Bring your own water, Bring long pants if your scouts plan on doing the obstacle course, and please do not enter Hargrave from the main entrance - you must go down Hodnett's Mill Road, Only one vehicle may come down to the camping area and should be a 4-wheel drive vehicle (preferable if trailers could be left up at the parking area, but scout masters definitely would want to assess possibility of bringing their trailers down the road to the campsite before they actually do it...particularly if it rains much between now and then.)

NEW ADULT APPLICATIONS

A new added measure has been included on the adult application regarding back-ground checks. New applications are being sent soon that have the changes written on the form. All of the old applications are still good; however, they need an extra piece included when submitting the application. I will send the extra piece as an attachment and a link. This will directly effect the Join Scouting nights in collecting applications. 

From Shirley at Council about Popcorn:

This information about OrderPopcorn.com was sent to each unit that has
turned in a Commitment form.  If you have units that change their unit
coach or if you receive information for new unit coaches, you must sent
me that information so that I can set them up in the system.  All
commitment forms that I have received are entered.  Everyone should have
received an email from Trails End by now with their password in it.  If
not, let me know and we will get it to them.  Please advise each unit to
try to use their password to get into the system now so that they are
not in a panic at the last second when they are trying to place their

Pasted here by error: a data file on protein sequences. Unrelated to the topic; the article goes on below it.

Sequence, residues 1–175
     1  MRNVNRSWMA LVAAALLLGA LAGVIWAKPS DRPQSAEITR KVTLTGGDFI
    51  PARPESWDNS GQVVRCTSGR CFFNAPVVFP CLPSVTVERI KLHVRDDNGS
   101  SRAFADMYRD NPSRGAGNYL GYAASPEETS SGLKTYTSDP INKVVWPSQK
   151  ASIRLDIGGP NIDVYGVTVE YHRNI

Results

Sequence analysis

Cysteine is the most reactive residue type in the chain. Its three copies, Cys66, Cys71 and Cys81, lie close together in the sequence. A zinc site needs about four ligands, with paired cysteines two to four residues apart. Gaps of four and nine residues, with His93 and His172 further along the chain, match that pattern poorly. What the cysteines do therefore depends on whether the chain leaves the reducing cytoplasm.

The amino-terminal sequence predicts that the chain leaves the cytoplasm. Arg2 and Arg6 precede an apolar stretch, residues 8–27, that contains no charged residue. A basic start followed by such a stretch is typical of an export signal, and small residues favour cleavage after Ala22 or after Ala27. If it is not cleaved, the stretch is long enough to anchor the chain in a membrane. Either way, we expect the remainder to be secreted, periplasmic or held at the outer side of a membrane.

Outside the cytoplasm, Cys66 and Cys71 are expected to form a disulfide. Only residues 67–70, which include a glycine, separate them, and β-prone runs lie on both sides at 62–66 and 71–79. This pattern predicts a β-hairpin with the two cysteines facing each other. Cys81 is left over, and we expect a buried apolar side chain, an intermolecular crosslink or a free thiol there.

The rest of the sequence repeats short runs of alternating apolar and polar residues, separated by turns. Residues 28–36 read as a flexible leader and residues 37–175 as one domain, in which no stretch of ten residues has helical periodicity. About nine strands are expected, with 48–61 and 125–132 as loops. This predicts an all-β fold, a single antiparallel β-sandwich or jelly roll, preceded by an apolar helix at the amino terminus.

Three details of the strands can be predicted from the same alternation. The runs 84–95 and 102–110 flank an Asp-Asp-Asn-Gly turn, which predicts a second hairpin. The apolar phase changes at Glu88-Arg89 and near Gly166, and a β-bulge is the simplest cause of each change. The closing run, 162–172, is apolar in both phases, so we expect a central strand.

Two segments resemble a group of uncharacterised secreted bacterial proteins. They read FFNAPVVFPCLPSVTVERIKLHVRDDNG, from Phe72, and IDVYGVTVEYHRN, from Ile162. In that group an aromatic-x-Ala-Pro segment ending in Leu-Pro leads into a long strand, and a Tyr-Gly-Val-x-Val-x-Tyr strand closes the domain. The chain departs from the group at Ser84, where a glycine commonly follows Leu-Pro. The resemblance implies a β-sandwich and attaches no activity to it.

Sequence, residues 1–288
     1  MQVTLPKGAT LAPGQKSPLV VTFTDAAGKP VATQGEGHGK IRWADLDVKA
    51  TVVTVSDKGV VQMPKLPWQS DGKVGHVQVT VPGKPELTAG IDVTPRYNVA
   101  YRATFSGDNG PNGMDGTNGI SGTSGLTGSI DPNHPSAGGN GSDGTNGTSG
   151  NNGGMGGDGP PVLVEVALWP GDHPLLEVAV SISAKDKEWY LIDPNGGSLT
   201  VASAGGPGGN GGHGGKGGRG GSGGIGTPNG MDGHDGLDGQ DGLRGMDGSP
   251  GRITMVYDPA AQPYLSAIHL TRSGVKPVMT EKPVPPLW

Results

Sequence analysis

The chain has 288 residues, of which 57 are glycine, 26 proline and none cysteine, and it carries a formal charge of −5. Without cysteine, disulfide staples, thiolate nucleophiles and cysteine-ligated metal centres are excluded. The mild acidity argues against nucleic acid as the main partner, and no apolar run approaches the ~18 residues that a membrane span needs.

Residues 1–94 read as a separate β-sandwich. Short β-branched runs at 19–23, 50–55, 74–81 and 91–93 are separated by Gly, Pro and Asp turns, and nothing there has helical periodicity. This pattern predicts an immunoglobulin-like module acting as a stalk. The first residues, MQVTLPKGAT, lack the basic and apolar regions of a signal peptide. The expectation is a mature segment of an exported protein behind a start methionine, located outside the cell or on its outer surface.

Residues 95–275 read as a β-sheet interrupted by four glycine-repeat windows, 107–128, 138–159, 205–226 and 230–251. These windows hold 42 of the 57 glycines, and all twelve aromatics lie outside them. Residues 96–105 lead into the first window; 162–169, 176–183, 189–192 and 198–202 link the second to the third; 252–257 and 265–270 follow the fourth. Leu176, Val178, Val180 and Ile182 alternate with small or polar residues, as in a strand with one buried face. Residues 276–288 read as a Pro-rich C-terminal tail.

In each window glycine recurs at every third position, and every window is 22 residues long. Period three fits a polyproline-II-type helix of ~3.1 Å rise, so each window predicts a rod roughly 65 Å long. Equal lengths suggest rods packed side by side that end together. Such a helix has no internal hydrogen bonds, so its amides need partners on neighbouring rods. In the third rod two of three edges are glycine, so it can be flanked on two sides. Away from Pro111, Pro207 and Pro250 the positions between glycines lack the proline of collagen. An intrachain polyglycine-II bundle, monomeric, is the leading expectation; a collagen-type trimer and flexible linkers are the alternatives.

order. 

Please note that our council will be using any order to OrderPopcorn.com
that is placed between 9/26/08 and 10/31/08 towards the Scout's prizes.

Thanks,
Shirley Neiderhiser
Camp and Popcorn Registrar
Blue Ridge Mountains Council
Phone
: 540-777-7963
Fax: 540-265-0659

Welcome!

The BLUE RIDGE MOUNTAINS council has once again provided the opportunity
for you to earn additional profit at OrderPopcorn.com. Your Consumers
now can purchase popcorn at OrderPopcorn.com with your Unit and Scout
Order Keys. More information about how your Unit and Scouts can earn
additional profit through this OrderPopcorn.com program is available
below.

Please remember that Orderpopcorn.com should NOT be used to place your
regular Unit Popcorn Orders. Your Unit Popcorn Order should be submitted
to your BLUE RIDGE MOUNTAINS Council through the Popcorn System with
your unique username and password at
Trails-End.com.

A very important message from Brenda hardy at Council:

FYI

Beginning with back to school youth applications this fall any adult that registers a youth and is not the legal guardian/parent must complete a separate adult application. Per membership services, the adult application must be signed by the CR/CC for the unit.  

There is no fee. We do not register the person I have to keep these applications for 3 years in the unit file.  To help me keep track of who is who, PLEASE mark these applications somewhere across the top "NON-CUSTODIAL PARTNER".

I realize we need to get youth applications processed asap; therefore, I would suggest pulling those Non-Custodial Partner applications out separate and getting signatures asap, then getting them to me.

Any questions, please let me know.


 

Brenda  Hardy, Registrar

Wednesday, September 17, 2008

BSA Rifle



 
 

Sent to you by David via Google Reader:

 
 

via ScoutMaster Musings on 9/16/08

BSA Rifle

Got $900 to blow and love rifles? Henry Repeating Arms has designed a BSA 100th Anniversary Commemorative rifle that will fulfill your needs.